A meteorite that landed in the Moroccan desert 14 months ago is providing more information about Mars, the planet where it originated. University of Alberta researcher Chris Herd helped in the study of the Tissint meteorite, in which traces of Mars' unique atmosphere are trapped.
"Our team matched traces of gases found inside the Tissint meteorite with samples of Mars' atmosphere collected in 1976 by Viking, NASA's Mars lander mission," said Herd.
Herd explained that 600 million years ago the meteorite started out as a fairly typical volcanic rock on the surface of Mars when it was launched off the planet by the impact of an asteroid.
"At the instant of that impact with Mars, a shock wave shot through the rock," said Herd. "Cracks and fissures within the rock were sealed instantly by the heat, trapping components of Mars' atmosphere inside, and forming black, glassy spots."
The team estimates that for a period between 700,000 and one million years the rock floated through outer space until July, 2011 when it streaked through Earth's atmosphere landing in Morocco.
This is only the fifth time a Martian meteorite landing was witnessed. Herd says the fact that it was picked up just a few months after landing and was not subjected to weathering or contamination on this planet is the key reason why this meteorite is so important.
The Martian weathering involved water, which means water was present on the surface of Mars within the past few hundred million years. But Herd says this meteorite sample does not carry any evidence the water supported any life forms.
"Because the Martian rock was subject to such intense heat any water borne microbial life forms that may have existed deep within cracks of the rock would have been destroyed," said Herd.
Curiosity, NASA's current Mars Rover mission is moving around the Red Planet searching for more information on the history of Mars.
The team's study makes a return mission to Mars that will bring rocks back to Earth all the more crucial, "Martian rocks delivered to Earth by a space craft would provide the best opportunity to see if life was ever clinging to the surface of Mars."
Published online Oct.11 in the journal Science.
University of Alberta: http://www.ualberta.ca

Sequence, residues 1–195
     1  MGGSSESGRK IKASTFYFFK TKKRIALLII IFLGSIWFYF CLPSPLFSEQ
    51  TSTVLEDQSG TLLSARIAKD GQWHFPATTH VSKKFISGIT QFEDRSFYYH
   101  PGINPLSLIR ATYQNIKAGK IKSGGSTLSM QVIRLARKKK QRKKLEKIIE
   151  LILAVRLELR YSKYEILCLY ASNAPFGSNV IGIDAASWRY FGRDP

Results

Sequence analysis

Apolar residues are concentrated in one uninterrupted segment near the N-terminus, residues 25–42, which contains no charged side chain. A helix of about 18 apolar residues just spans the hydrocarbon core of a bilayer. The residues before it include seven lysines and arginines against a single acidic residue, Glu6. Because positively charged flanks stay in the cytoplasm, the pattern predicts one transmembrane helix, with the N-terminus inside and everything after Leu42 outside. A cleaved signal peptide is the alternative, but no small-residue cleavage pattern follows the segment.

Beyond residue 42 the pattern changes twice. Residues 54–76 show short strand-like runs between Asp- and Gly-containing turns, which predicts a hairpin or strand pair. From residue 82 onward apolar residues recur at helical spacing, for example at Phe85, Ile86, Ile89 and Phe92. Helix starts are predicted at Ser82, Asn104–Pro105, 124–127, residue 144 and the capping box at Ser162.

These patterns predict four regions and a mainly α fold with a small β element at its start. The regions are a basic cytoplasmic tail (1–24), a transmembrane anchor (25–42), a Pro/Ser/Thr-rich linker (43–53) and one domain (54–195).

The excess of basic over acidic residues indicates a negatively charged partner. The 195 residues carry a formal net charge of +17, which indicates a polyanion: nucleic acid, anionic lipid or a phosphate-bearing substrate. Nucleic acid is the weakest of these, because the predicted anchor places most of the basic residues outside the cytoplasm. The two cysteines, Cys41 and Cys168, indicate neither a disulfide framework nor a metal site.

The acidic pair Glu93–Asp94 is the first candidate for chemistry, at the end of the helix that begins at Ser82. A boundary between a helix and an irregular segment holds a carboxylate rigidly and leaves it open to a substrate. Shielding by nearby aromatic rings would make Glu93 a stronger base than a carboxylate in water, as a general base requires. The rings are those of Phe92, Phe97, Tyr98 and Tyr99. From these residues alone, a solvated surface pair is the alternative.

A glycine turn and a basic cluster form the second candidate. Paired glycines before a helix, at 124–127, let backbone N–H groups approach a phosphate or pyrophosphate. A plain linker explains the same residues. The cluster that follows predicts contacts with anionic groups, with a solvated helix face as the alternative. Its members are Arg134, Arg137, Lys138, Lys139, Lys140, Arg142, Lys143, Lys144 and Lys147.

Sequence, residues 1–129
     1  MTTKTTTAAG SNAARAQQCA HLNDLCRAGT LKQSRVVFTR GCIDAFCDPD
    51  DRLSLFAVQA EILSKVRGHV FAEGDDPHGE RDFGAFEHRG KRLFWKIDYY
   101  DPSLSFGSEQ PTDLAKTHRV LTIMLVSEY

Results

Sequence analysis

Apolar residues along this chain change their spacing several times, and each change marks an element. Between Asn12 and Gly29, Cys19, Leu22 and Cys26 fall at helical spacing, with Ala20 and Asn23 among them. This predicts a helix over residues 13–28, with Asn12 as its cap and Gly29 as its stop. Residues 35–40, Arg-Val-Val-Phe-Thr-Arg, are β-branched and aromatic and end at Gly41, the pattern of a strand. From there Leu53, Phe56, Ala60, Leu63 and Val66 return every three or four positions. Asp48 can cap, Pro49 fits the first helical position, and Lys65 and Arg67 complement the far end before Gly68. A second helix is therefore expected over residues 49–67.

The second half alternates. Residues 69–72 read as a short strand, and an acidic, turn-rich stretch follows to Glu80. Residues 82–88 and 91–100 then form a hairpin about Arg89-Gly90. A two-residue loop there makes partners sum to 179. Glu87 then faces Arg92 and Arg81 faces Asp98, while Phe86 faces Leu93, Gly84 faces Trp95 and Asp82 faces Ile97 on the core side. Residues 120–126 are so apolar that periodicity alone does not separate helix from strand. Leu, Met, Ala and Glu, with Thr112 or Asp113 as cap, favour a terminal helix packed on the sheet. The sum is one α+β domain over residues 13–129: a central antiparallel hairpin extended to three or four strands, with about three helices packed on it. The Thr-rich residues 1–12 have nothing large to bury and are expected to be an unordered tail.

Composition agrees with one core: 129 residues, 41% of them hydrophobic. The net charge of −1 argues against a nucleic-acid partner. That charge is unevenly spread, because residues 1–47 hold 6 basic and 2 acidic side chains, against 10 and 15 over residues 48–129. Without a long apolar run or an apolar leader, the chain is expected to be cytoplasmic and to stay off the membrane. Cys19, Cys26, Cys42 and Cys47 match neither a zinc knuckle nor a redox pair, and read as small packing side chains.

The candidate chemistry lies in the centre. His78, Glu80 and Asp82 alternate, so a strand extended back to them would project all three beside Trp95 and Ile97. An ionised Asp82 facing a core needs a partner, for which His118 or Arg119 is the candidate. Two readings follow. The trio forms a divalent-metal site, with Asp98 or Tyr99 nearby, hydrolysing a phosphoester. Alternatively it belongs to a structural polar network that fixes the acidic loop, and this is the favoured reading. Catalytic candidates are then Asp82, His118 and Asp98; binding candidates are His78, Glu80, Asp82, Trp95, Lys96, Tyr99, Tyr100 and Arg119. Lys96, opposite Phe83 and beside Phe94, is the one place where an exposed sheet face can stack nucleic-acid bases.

This press release was posted to serve as a topic for discussion. Please comment below. We try our best to only post press releases that are associated with peer reviewed scientific literature. Critical discussions of the research are appreciated. If you need help finding a link to the original article, please contact us on twitter or via e-mail.
I'm pretty sure that meteorite image is a Sikhote-Alin, which landed in Russia.
Yep, it's just a stock image.
A French scientist has unravelled a formula for trick roping, made famous in Western movies, to teach himself how to lasso like a cowboy.
An astrophysicist is using something called the Z machine at Sandia National Lab to recreate the conditions on a white dwarf star — only for a few nanoseconds, but still, enough to study.
The raw ingredients in famous brands are vulnerable to political upheaval, changes in agricultural practices and natural disasters
The more that scientists stare at it, the more a strange signal from the center of the Milky Way galaxy appears to be the result of dark matter annihilation. If confirmed, it would be the first direct evidence for dark ...
A highly sensitive magnetic material that could transform computer hard drives and energy storage devices has been discovered.
The discovery of carbon-rich spheres and tunnels in a meteorite from Mars may mean that the Red Planet was once filled with life
Is there a pattern behind prime numbers? Networks that reproduce the mathematical relationships between primes and non-primes could tell us
In the field of quantum physics, you could call this a droplet in the bucket.
Alex Bellos: The world’s top graphic designers explore the ancient geometrical concept in poetry, food, sculpture, hairstyles and decorative art.Alex Bellos
The famed "blueberries" of Mars discovered by NASA rovers might just be meteorite impact debris, instead of evidence of ancient water.